There are skeptics and critics out there that frown judgingly at what the Olympics has become. A competition among scientists, say some. Whose performance enhancing drugs are undetectable and who is going to get caught? Which country can pump out the fiercest machines disguised as athletes in the greatest quantity? Who has the most money to spend? Well, you know what? Fine. Maybe that’s true. But only if you choose to look at it that way.
Eirinn told me last week on our way to gymnastics that she was going to practice until she sweats because she wants to go to the Olympics. She knows that in order to get there, she must practice very hard and that equals sweating. This is a girl who quit soccer after one season because there’s “too much running.” She quit dance after one year because it was boring. In gymnastics, she has found her niche. She practices with a smile across her face that does not move. She works her little bum off and gives every little move one hundred percent and in watching the Olympics, she sees what all her hard work can evolve into. For the first time in her life, she’s been exposed to role models in a discipline that excites her and has set goals for herself, no matter how lofty. I won’t tell her the probability of her making it to the Olympic stage, or even maintaining her interest in the sport for that long, is slim because this is what she hopes and dreams for right now. I won’t deny her that dream.
She also wants to compete in figure skating and swimming. The girl knows how to set a goal. Shoot for the moon, and all that.
Is there anything else that unites the world like the Olympics does? Positively, I mean. I can’t think of a single thing that promotes such camaradery and brotherhood through competition, that distracts us from all the negativity, that encourages sportsmanship and fitness and achievement through hard work and dedication. Sure, there are some bad eggs, some tough calls, but if we look past that for just a moment, let’s try to drink in the positive. Who among us didn’t pull for Oscar Pistorius, the South African sprinter who became the first runner to compete on prosthetic limbs. Who didn’t feel a pang of residual pride for Wojdan Ali Seraj Abdulrahim Shahrkhani, the first Saudi woman to ever compete in the games. Whose heart didn’t ache for Paula Findlay, the Canadian triathlete who, despite being a favourite going in, came in last, crying and apologizing to everyone holding a Canadian flag as she ran to the finish line. Who didn’t hold their breath as Jamaican Usain Bolt sped to another record finish. These may not be your countrymates, but during the Olympics, there are times when we’re all in this thing together. Sometimes we’re allowed to simply be excited about the fact that we were alive to experience these stories with each other.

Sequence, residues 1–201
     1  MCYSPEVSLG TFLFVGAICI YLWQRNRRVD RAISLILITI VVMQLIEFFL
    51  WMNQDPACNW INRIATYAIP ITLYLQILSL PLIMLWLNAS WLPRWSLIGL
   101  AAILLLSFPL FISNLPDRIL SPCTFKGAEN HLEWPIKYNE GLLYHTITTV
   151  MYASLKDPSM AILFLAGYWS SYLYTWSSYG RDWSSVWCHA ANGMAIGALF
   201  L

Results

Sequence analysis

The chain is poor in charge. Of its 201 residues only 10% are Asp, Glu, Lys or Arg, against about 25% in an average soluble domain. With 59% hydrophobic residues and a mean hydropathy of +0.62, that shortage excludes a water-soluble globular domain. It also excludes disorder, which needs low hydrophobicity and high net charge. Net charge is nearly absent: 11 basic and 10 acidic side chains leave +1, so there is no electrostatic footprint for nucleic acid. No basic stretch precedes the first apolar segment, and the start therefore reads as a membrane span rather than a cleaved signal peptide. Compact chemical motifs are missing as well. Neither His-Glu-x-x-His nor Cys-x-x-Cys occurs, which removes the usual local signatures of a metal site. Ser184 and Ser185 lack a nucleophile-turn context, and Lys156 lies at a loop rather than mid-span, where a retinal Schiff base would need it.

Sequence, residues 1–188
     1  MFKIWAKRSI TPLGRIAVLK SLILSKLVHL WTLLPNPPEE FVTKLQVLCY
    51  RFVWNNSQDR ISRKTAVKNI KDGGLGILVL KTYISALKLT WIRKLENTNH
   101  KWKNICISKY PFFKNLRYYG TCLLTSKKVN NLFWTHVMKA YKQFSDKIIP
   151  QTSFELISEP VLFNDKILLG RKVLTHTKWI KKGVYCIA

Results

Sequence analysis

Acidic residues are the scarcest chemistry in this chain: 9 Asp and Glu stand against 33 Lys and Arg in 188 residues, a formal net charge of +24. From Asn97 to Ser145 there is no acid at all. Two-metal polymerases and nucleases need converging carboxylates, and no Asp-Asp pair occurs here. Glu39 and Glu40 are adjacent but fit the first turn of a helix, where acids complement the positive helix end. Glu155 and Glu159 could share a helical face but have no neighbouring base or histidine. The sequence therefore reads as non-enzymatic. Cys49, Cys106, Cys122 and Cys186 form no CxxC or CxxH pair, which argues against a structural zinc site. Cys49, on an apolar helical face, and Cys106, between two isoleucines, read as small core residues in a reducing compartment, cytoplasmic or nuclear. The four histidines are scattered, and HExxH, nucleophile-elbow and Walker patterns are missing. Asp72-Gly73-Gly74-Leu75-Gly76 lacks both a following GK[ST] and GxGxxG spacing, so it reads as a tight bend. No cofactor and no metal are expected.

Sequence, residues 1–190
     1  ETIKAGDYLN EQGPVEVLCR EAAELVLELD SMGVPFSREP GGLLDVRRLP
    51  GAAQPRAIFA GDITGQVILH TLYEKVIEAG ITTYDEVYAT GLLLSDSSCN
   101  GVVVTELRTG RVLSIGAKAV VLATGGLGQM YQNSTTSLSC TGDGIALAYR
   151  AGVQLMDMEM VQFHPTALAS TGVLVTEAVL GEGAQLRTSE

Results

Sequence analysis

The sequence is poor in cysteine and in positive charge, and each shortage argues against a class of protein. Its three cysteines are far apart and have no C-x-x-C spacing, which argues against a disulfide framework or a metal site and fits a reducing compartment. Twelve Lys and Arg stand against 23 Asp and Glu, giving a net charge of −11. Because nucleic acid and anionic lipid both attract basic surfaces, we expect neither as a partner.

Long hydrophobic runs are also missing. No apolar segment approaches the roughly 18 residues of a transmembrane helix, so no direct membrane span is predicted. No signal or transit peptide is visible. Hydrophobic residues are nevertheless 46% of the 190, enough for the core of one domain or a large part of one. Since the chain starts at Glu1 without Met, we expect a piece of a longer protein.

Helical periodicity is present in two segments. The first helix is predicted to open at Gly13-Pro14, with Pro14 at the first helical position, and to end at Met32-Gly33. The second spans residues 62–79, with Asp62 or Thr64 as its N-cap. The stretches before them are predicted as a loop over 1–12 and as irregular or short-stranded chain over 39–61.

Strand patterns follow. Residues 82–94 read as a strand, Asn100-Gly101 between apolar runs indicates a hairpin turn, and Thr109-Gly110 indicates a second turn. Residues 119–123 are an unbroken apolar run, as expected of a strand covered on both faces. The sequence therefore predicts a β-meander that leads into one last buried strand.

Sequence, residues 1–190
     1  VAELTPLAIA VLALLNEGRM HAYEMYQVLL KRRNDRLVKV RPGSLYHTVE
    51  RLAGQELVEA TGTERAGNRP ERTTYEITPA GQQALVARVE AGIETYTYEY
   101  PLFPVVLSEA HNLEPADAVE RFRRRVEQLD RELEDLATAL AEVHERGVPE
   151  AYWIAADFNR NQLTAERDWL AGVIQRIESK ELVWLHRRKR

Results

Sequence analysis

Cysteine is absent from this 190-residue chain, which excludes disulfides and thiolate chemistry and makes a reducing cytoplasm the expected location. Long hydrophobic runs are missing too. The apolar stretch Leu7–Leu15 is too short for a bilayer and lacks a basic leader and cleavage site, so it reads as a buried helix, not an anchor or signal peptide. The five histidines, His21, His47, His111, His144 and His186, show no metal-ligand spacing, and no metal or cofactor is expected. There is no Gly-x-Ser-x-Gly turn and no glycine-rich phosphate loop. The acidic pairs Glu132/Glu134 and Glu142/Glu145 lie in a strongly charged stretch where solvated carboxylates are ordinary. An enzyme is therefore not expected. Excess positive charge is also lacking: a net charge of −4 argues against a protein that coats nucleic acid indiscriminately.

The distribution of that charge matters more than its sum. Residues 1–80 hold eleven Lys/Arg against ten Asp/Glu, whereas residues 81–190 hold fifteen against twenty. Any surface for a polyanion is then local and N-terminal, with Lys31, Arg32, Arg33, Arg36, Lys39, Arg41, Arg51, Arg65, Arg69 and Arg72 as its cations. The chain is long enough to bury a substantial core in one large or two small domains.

The Games are too commercial, the judging too corrupt, the competition too unfair at times, sure, but that is not what the Olympics is all about. You can choose to be cynical and pessimistic and blow them off as a waste of energy, time, and money. Or you can enjoy them. Enjoy the sport, enjoy the friendly rivalry among countries, and enjoy that these people, these athletes, are living and fulfilling their dreams they, too, once had while being driven to practice when they were six.